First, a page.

Mid Sound works to restore fish and streams in three watersheds:

Click on the links above to learn more about each watershed, the fish that call it home, and the work Mid Sound does to restore the streams there.

What is a Watershed?

A watershed describes an area of land over which rainwater and snow-melt flow into a common set of streams and rivers. The water can flow either over the surface of the land, or through the soil and groundwater. 

When some people think of watershed, they only think of the lakes, streams and rivers of the area.  But we all live in the watershed – no matter how far you may live from a stream or beach.  Rainwater from your neighborhood ultimately ends up in a greater body of water, so anything in our local water can impact whatever is downstream.


Why Are Watersheds Important to Fish?

Fish use the entire stream for their life cycle.  They are born high in the steam, and travel down to estuaries. The estuaries allow juvenile fish to adjust from freshwater to salt water, and grow big enough for the ocean. Adult fish later return to the freshwater stream to spawn.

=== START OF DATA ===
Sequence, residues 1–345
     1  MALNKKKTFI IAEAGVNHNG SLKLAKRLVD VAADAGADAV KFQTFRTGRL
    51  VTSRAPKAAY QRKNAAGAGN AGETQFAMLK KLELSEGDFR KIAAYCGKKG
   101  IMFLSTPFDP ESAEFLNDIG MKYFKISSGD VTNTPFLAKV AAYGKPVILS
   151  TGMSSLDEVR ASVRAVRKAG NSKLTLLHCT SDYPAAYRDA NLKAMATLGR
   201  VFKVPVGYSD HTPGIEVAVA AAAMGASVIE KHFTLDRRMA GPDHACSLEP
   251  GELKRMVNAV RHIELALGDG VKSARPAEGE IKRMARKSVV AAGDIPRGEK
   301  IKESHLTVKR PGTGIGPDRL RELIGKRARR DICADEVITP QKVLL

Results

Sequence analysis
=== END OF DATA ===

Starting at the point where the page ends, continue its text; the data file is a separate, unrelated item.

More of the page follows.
Many of the choices we make about developing land in the watershed affects the health of the water and fish.

In protected and preserved wetlands, rainwater will slowly soak into the soil and make its way into the stream. This allows the rainwater to enter at a steady pace, while also being naturally filtered by the soil. Streams and rivers can meander through its own zigzagging path, giving it space to correct for any flooding.

 In developed wetlands, rainwater washes over pavement and quickly rushes into the steam. This can lead to flash flooding, and the introduction of any toxics and contaminants picked up along the way. Development often straightens out a river’s winding path as well, increasing its chance of flooding. Abnormally fast and rushing waters can be dangerous for fish, resulting in juveniles being pushed to the ocean before its ready.

The health of a salmon population is linked to its entire watershed. Our communities have chosen to work together – watershed by watershed – to address the factors that are threatening the salmon and other fish in the area.